Welcome to our Alphabet Information Series.  Today’s topic is W for Without Prejudice

“Without Prejudice” is said so often in law offices and written on letters and documents, but what does it actually mean and in what context is it used?

Legally, when used in a document or letter, Without Prejudice means that what is subsequently written cannot be:

  • Used as evidence in a Court case
  • Taken as the author's last word on the subject matter
  • Used as a precedent for future use.

Negotiations will often require allowances and compromises rising to client’s feeling fear and worry that any statement made in the course of negotiations might come back to haunt them later in Court. This can hinder negotiations if the parties don’t feel able to discuss options freely. By marking documents and correspondence with “Without Prejudice” it allows the parties to freely work towards a compromise without the risk that their statements may be used against them later should negotiations fail.

Without Prejudice can also be applied to a Court hearing too.  A Financial Dispute Resolution hearing is held in Court “Without Prejudice”. This means that if matters cannot be agreed during this hearing, the Judge who hears the FDR is not permitted to hear the Final Hearing.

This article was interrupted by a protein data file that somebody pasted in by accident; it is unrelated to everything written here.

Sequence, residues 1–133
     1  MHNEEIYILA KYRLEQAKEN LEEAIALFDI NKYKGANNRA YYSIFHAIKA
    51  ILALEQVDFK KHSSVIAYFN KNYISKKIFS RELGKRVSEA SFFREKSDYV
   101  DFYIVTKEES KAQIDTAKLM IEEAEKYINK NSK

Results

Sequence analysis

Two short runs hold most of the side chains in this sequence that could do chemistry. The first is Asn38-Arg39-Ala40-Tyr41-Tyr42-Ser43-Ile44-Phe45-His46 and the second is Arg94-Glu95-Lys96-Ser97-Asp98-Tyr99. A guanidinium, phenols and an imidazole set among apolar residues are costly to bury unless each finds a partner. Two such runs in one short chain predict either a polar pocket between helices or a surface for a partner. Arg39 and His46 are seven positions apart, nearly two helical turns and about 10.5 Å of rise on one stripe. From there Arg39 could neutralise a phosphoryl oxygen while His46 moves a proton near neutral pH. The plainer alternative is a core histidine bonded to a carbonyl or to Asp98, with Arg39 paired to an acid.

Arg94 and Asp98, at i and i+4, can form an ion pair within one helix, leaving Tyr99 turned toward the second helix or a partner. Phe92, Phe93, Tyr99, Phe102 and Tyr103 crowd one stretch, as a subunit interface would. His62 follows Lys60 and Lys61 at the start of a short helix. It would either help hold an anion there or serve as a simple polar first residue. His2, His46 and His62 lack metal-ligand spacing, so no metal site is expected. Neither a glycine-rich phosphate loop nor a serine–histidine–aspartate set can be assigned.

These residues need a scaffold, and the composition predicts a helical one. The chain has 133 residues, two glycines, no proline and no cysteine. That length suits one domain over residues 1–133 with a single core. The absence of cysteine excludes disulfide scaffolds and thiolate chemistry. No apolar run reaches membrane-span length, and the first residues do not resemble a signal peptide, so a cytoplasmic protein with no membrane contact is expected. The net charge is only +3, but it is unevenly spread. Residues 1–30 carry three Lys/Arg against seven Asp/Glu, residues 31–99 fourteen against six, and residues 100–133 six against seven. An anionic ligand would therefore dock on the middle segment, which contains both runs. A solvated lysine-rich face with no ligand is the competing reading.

If you have any queries regarding the above information or would like any further advice remember obtaining accurate legal information from the outset can be vital in the resolution of your matter and can make the process less stressful. Call 01246 555 610 to arrange a free, no obligation consultation with one of our experienced solicitors.

By Vines Legal on 23 Jan 2020

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Vines Legal's A-Z of All Things Family and Matrimonial; V for Void and Voidable Marriage

Welcome to our Alphabet Information Series.  Today’s topic is V for Void and Voidable Marriage. 

What is the difference between a VOID marriage and a VOIDABLE marriage? A void marriage is one that is invalid from the very beginning. As these are considered unlawful in themselves, no formalities are required for it to be terminated. However, on the other hand, a voidable marriage is one that is flawed in its validity but continues to exist.

Proceedings for nullity (voiding a marriage) are extremely rare but may be appropriate where parties have strong religious or cultural reasons for opposing divorce.